This study was conducted in the Human and Environmental Physiology Research Unit and funded by the Natural Sciences and Engineering Research Council (RGPIN-298159-2009) and Leaders Opportunity Fund from the Canada Foundation for Innovation (funds held by Kenny). Glen P. Kenny was supported by the University of Ottawa Research Chair Award. Jill M. Stapleton was supported by the Mitacs Accelerate Doctoral fellowship. Naoto Fujii was supported by the Human and Environmental Physiology Research Unit. Ryan McGinn was supported by the Queen Elizabeth II Graduate Scholarship in Science and Technology. Katherine McDonald was supported by the Ottawa Faculty of Health Sciences Student Research Bursary.
Age-related differences in postsynaptic increases in sweating and skin blood flow postexercise
Article first published online: 17 JUL 2014
© 2014 The Authors. Physiological Reports published by Wiley Periodicals, Inc. on behalf of the American Physiological Society and The Physiological Society.
This is an open access article under the terms of the Creative Commons Attribution License, which permits use, distribution and reproduction in any medium, provided the original work is properly cited.
Volume 2, Issue 7, July 2014
How to Cite
Age-related differences in postsynaptic increases in sweating and skin blood flow postexercise, Physiol Rep, 2 (7), 2014, e12078, doi:10.14814/phy2.12078, , , , ,
- Issue published online: 3 JUL 2014
- Article first published online: 17 JUL 2014
- Manuscript Accepted: 10 JUN 2014
- Manuscript Revised: 3 JUN 2014
- Manuscript Received: 9 MAY 2014
- Natural Sciences and Engineering Research Council. Grant Number: RGPIN-298159-2009
- Canada Foundation for Innovation
- University of Ottawa Research Chair Award
- Mitacs Accelerate Doctoral fellowship
- Human and Environmental Physiology Research Unit
- Queen Elizabeth II Graduate Scholarship in Science and Technology
- Ottawa Faculty of Health Sciences Student Research Bursary
- dose response;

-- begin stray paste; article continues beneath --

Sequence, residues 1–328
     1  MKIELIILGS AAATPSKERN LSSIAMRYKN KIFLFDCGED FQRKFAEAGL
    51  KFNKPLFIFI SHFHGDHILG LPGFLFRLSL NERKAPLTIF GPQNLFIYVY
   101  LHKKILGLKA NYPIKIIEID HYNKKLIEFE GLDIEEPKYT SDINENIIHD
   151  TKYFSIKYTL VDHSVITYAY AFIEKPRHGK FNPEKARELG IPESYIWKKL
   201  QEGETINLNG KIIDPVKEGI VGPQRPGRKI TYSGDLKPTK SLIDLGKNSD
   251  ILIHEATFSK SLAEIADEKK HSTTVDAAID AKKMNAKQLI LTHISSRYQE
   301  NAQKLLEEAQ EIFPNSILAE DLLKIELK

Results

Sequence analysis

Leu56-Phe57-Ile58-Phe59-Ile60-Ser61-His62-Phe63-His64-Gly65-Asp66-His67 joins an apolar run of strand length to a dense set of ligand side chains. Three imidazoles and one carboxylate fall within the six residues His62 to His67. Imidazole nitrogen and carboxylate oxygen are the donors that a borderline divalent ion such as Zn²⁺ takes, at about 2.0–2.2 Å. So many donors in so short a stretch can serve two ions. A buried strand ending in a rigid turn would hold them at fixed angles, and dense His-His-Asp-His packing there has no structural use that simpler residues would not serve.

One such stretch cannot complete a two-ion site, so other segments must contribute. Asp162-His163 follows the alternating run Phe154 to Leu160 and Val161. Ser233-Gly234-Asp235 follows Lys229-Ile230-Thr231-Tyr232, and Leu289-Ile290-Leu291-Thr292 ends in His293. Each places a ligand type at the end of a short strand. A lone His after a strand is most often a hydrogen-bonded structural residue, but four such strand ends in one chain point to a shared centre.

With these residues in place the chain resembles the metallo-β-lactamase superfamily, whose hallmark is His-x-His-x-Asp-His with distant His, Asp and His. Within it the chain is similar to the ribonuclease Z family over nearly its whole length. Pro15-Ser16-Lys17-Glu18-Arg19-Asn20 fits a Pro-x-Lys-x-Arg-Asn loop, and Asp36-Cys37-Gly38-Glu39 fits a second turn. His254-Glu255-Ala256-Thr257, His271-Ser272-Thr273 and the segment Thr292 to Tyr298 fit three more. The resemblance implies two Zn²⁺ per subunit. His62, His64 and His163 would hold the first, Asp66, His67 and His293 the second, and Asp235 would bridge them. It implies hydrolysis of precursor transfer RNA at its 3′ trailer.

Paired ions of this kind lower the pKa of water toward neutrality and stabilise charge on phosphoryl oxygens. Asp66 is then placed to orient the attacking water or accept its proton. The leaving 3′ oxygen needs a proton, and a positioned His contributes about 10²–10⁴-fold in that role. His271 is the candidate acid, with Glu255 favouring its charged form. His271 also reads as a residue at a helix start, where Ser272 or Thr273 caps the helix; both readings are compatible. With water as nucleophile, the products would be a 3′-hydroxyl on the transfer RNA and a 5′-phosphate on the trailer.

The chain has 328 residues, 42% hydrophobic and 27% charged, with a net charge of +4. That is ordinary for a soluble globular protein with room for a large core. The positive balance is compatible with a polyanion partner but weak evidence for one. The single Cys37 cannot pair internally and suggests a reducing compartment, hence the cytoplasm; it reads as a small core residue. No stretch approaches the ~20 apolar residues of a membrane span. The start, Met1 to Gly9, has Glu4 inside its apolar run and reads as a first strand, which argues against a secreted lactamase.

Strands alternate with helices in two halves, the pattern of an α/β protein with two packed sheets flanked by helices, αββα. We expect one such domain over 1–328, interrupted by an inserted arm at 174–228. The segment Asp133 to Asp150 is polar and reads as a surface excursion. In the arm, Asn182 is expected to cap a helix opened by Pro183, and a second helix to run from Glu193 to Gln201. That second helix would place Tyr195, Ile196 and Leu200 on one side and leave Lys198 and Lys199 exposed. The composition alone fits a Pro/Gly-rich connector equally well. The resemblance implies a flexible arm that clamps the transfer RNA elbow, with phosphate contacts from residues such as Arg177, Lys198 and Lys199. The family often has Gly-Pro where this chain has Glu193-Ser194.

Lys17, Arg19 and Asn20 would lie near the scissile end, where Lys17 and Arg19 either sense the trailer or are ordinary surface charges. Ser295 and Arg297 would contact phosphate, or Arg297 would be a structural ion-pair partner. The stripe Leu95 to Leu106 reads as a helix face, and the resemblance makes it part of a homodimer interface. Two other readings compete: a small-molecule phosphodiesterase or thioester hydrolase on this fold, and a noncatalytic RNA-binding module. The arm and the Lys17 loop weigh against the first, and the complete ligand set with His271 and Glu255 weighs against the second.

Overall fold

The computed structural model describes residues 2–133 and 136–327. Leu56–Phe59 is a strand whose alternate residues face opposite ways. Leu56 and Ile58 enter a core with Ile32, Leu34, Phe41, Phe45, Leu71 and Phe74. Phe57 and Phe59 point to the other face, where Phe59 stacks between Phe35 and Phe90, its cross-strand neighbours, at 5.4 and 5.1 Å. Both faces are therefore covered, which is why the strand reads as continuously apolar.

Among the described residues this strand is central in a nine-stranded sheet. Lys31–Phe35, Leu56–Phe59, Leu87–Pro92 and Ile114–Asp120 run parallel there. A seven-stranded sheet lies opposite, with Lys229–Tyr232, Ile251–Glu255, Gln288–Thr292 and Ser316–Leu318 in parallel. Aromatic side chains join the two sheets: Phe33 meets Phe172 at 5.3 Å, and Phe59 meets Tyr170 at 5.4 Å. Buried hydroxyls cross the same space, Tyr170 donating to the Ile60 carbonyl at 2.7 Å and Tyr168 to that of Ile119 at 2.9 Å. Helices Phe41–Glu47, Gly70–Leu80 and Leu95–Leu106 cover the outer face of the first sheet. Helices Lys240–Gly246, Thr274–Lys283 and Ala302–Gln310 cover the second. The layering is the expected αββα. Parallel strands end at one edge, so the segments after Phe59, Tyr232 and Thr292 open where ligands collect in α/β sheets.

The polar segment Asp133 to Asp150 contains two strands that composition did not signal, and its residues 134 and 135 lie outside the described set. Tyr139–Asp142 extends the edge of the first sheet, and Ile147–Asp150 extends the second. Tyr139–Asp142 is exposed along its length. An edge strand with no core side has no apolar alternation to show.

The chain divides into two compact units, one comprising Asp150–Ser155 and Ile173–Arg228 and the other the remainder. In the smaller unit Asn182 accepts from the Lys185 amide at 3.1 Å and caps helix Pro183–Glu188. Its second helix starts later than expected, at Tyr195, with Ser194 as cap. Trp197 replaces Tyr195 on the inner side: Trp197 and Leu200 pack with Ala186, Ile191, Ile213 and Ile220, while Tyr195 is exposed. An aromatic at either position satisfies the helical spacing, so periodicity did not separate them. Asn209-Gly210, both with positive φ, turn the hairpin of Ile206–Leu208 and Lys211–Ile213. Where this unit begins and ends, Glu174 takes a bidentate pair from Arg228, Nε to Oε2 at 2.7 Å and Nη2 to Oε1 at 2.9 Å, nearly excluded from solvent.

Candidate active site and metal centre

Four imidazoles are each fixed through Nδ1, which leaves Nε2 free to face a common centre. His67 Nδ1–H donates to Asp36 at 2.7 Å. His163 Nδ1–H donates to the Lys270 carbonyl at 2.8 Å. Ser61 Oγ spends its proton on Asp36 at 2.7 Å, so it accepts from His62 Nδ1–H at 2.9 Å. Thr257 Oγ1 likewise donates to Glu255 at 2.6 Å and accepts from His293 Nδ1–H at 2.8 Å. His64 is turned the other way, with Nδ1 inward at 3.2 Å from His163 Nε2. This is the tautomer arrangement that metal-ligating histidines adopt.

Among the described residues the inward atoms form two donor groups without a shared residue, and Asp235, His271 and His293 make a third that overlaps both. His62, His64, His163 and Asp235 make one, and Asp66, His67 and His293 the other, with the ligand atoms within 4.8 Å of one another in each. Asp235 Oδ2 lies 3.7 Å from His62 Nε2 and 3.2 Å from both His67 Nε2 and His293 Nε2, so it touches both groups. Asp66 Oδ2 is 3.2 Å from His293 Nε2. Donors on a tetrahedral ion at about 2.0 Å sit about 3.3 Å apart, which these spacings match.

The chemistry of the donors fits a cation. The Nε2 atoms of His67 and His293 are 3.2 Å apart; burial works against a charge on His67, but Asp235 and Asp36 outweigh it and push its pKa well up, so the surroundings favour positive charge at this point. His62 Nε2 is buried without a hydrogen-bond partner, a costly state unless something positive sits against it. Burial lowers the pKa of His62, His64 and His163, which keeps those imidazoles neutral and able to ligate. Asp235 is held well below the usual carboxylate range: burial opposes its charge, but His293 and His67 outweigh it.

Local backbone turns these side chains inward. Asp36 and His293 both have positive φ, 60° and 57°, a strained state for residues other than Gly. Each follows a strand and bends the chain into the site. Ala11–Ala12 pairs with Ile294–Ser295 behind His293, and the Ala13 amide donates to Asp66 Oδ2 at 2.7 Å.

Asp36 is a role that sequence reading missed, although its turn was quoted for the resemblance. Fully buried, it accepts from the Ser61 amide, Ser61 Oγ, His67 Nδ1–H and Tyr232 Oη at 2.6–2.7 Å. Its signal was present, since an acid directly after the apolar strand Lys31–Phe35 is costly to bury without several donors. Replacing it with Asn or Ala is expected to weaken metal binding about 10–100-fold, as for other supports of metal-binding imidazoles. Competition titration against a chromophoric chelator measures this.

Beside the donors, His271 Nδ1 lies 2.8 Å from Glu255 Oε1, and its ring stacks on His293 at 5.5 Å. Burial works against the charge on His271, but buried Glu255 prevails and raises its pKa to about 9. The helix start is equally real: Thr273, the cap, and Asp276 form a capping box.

- heat loss;
- nonthermal factors;
- skin perfusion;
- sweat rate
The influence of peripheral factors on the control of heat loss responses (i.e., sweating and skin blood flow) in the postexercise period remains unknown in young and older adults. Therefore, in eight young (22 ± 3 years) and eight older (65 ± 3 years) males, we examined dose-dependent responses to the administration of acetylcholine (ACh) and methacholine (MCh) for sweating (ventilated capsule), as well as to ACh and sodium nitroprusside (SNP) for cutaneous vascular conductance (CVC, laser-Doppler flowmetry, % of max). In order to assess if peripheral factors are involved in the modulation of thermoeffector activity postexercise, pharmacological agonists were perfused via intradermal microdialysis on two separate days: (1) at rest (DOSE) and (2) following a 30-min bout of exercise (Ex+DOSE). No differences in sweat rate between the DOSE and Ex+DOSE conditions at either ACh or MCh were observed for the young (ACh: P = 0.992 and MCh: P = 0.710) or older (ACh: P = 0.775 and MCh: P = 0.738) adults. Similarly, CVC was not different between the DOSE and Ex+DOSE conditions for the young (ACh: P = 0.123 and SNP: P = 0.893) or older (ACh: P = 0.113 and SNP: P = 0.068) adults. Older adults had a lower sweating response for both the DOSE (ACh: P = 0.049 and MCh: P = 0.006) and Ex+DOSE (ACh: P = 0.050 and MCh: P = 0.029) conditions compared to their younger counterparts. These findings suggest that peripheral factors do not modulate postexercise sweating and skin blood flow in both young and older adults. Additionally, sweat gland function is impaired in older adults, albeit the impairments were not exacerbated during postexercise recovery.